13th Sep 2021 10:09:PM Editorials
Eastern Sentinel Arunachal News

We channel all our energies on our physical health but delude ourselves that mental health will happen organically with zero or minimal effort. Nothing is more crucial than mental wellness for man’s overall well-being. A society which has a tendency to shoo away any mention of mental health is now staring at an acute crisis compounded by the ‘psychological impact’ of the coronavirus pandemic.
The National Mental Health Survey reported that about 10 percent of adults meet diagnostic criteria for a mental health condition (ranging from mood and anxiety disorders to severe mental illness). The Global Burden of Disease study estimated that nearly 200 million people in India have experienced a mental disorder, nearly half of whom suffer from depressive or anxiety disorders. India accounts for more than a third of the female suicides globally, nearly a fourth of all male suicides, and suicide has been the leading cause of death in young Indians.
Despite much progress, mental health remains shrouded in stigma, which stifles conversation and a much needed public dialogue and exploration into the mental wellbeing of a rapidly growing population.
Arunachal Pradesh has also witnessed growing cases of suicide over the past several years especially among the youth. The ‘feeling of worthlessness’ in today’s youth is heightened as the world is getting increasingly competitive.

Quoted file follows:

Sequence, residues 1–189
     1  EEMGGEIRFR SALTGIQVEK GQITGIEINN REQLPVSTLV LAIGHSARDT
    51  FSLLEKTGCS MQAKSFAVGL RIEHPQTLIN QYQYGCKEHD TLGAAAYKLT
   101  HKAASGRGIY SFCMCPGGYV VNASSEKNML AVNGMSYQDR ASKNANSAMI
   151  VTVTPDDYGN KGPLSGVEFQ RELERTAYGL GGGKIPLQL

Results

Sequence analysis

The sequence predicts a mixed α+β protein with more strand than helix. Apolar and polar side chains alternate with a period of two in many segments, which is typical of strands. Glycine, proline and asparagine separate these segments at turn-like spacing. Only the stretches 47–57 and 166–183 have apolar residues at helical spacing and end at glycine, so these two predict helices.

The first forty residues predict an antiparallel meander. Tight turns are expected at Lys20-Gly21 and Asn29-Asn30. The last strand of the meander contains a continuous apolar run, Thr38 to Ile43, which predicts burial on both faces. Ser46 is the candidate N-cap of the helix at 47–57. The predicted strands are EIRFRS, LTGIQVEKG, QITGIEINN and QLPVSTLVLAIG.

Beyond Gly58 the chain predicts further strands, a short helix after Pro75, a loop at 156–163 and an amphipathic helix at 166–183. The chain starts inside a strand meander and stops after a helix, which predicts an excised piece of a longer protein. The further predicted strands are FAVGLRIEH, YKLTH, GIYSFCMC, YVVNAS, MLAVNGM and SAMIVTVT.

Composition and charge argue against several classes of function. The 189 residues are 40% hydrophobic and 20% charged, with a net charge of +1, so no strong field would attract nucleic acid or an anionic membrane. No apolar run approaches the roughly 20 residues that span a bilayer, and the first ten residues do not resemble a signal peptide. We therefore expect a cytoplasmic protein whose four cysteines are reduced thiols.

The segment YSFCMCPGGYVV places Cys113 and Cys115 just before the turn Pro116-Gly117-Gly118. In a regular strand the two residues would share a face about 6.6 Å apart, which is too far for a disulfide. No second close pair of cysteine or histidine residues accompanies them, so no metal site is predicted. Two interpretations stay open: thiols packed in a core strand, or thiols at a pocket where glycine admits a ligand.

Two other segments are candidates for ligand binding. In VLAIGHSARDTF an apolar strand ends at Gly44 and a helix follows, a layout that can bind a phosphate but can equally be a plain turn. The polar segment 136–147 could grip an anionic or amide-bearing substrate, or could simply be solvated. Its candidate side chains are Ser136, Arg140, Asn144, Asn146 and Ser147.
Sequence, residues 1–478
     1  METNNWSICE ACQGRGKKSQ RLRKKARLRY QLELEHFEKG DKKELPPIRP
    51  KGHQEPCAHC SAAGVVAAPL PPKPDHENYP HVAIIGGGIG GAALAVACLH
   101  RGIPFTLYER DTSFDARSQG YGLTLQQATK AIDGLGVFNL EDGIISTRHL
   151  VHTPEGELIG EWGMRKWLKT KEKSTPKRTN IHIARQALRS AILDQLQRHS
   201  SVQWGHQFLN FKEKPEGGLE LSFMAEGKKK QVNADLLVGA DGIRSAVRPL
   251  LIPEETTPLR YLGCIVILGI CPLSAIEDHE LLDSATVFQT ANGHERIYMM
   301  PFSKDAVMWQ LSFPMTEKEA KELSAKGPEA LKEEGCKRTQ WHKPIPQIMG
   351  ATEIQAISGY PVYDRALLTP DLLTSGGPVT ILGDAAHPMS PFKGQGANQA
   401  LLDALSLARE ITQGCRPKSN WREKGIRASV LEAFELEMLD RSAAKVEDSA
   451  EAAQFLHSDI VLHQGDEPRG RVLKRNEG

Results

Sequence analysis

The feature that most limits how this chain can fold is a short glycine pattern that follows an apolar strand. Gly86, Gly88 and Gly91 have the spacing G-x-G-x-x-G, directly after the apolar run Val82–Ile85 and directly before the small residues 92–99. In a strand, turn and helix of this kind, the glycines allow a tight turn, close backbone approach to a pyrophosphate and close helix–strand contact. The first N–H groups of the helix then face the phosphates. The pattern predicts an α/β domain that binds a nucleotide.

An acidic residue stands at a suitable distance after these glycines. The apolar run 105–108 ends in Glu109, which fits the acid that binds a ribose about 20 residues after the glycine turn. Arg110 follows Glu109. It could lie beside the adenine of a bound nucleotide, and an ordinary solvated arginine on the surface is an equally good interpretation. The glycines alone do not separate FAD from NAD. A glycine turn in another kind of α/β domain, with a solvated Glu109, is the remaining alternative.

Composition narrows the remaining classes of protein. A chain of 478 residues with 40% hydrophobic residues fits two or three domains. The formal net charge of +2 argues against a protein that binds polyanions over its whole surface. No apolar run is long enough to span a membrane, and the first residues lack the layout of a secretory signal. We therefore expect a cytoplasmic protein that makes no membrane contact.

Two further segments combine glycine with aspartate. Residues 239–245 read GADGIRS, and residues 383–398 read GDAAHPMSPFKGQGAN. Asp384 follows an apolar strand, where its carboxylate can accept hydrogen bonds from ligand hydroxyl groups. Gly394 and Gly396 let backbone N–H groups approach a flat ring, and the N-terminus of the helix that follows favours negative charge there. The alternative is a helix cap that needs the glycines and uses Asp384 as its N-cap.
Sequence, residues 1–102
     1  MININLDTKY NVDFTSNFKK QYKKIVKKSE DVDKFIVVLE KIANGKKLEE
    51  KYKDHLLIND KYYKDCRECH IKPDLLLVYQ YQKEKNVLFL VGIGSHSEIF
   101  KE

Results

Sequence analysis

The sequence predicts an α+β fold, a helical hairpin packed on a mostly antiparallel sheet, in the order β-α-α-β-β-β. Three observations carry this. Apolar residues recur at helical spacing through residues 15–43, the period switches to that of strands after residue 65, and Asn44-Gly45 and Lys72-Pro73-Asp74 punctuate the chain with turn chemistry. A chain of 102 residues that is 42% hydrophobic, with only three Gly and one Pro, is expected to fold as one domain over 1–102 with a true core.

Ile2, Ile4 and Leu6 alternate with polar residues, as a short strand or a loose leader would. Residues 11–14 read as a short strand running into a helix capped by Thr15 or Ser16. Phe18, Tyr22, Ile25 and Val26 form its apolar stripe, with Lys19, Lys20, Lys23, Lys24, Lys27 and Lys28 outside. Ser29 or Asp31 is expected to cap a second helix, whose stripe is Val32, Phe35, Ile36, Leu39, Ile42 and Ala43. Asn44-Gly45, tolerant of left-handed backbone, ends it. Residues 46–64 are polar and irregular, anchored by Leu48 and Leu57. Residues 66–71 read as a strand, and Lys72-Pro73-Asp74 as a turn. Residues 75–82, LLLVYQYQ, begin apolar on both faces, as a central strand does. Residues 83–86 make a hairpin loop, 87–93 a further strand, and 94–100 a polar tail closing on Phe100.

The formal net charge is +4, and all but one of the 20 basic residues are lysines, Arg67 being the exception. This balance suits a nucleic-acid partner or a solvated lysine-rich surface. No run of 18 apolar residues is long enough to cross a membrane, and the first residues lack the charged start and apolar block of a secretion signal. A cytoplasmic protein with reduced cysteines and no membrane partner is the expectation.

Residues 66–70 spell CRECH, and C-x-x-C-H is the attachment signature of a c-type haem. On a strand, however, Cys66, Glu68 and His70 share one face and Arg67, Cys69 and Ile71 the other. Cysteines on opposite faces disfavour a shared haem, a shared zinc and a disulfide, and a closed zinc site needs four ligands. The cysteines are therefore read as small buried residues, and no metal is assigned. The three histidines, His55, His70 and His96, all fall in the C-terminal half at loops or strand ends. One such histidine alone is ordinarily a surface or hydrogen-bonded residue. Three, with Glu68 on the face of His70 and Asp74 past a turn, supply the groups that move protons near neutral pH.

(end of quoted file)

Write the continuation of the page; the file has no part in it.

Suicide is a desperate attempt to escape suffering that has become unbearable. But despite their desire for the pain to stop, most suicidal people are deeply conflicted about ending their own lives. They wish there was an alternative to suicide, but they just can’t see one.
Society needs to understand the importance of mental health and treat mental health issues as they would treat any physical ailment. Normalising a visit to a psychiatrist and not pushing mental conditions under the rug is the only way to fight this battle.
State government must spend more on mental healthcare alongside the health budget more so now as surveys show that due to the pandemic and subsequent lockdowns rate of depression and anxiety is much higher. There is a need for community-oriented mental healthcare so that affected individuals receive care for their mental health conditions. Setting up helpline and assistance programmes along with confidential counselling services will help save many precious lives. 

Kenter Joya Riba

(Managing Editor)
      She is a graduate in Science with post graduation in Sociology from University of Pune. She has been in the media industry for nearly a decade. Before turning to print business, she has been associated with radio and television.
Email: kenterjoyaz@easternsentinel.in / editoreasternsentinel@gmail.com
Phone: 0360-2212313

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